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70% of PCTs failing patient choice, says Healthcare Commission

18 October 2007

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The Healthcare Commission today (18 October 2007) published performance ratings for all NHS trusts in England, showing overall improvement in quality of services and use of resources.

This is despite recent findings of significant failings in infection control at Maidstone and Tunbridge Wells NHS Trusts.

However, 70% of primary care trusts (PCTs) failed the target relating to “convenience and choice”, which says that patients should be able to choose from at least four providers paid for by the NHS.

The independent watchdog is releasing the results of the 2006/07 annual health check of NHS trusts, the most comprehensive assessment of NHS performance.

“Convenience and choice” was the worst area of performance in any of the existing national targets. The reasons for this, says the Healthcare Commission, include the fact that GPs are not contractually obliged to offer Choose and Book, and the intermittent technical problems with the necessary computer systems.

Against a background of tough targets, 62% of PCTs were “fair” and 12% were “weak” for quality of services – the picture was similar for use of resources.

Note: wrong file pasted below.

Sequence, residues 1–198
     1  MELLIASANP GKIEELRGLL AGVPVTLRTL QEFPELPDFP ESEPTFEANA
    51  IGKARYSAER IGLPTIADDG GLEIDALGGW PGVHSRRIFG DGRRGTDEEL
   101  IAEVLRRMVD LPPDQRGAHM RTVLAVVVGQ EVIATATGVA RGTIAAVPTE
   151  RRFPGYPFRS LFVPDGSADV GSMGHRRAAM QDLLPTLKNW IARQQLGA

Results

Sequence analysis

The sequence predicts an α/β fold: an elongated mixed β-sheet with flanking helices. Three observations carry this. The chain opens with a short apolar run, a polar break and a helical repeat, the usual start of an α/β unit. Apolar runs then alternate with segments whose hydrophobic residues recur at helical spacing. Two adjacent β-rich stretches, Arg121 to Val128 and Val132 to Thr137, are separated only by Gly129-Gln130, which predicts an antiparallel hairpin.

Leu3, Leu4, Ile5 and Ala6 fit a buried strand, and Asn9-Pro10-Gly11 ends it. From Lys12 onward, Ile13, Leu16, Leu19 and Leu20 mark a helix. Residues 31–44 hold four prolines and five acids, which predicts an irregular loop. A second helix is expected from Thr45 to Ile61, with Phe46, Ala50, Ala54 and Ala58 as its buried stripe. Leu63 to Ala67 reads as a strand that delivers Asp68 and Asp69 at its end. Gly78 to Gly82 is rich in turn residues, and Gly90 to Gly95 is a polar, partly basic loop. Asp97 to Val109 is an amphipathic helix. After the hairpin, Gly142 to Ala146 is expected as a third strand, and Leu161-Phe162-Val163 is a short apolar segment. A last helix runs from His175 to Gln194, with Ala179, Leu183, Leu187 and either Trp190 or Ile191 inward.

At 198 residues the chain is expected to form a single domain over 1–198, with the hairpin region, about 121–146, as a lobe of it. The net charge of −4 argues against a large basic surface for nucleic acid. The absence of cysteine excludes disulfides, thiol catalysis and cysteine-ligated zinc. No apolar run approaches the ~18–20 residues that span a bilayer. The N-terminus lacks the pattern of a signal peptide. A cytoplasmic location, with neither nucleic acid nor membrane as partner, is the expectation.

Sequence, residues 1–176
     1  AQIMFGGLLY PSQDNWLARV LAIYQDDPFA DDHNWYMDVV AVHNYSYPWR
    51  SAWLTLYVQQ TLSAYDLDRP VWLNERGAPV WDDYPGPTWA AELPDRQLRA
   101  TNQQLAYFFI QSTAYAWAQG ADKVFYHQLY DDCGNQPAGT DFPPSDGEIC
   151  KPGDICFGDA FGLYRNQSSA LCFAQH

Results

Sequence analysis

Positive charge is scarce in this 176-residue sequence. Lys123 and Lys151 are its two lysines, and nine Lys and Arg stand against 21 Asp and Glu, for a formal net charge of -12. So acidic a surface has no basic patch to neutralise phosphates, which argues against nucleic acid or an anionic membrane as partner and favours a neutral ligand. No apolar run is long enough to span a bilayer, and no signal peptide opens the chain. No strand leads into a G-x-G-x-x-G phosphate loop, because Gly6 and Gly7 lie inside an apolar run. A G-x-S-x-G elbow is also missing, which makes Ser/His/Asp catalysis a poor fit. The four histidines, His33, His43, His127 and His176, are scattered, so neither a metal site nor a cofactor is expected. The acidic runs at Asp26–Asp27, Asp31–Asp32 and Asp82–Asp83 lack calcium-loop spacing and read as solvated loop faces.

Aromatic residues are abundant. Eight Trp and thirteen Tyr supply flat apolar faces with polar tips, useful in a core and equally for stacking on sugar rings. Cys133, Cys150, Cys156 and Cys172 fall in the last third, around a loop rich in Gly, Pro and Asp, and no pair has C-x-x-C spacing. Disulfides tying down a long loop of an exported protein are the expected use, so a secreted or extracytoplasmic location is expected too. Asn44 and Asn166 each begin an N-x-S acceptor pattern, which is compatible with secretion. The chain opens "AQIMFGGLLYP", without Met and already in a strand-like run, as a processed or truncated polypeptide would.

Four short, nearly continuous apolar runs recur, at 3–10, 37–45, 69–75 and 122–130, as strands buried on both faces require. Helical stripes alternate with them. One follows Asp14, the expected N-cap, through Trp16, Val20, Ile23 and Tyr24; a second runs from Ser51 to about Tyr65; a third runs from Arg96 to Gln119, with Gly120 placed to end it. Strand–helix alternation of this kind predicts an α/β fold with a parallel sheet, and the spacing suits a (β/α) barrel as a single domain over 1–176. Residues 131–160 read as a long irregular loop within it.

Areas of weak performance included Choose and Book and updating practice-based registers. The 72 PCTs reorganised in October 2006 performed the least well.

Niall Dickson, Chief Executive of healthcare think tank the King’s Fund, says: “This report indicates that too many patients are still not being given choice about how and where they are treated.

“It is clear that PCTs are struggling to make choice a reality under the current system, and more attention must be paid to this.

“Reports like this are useful in giving patients and others information about performance and standards but that is just the first step.

“Only when patients are given the power to use the information to decide, along with their practitioner, what is best for them will the NHS be able to say it is delivering truly personalised care.”

Healthcare Commission

King’s Fund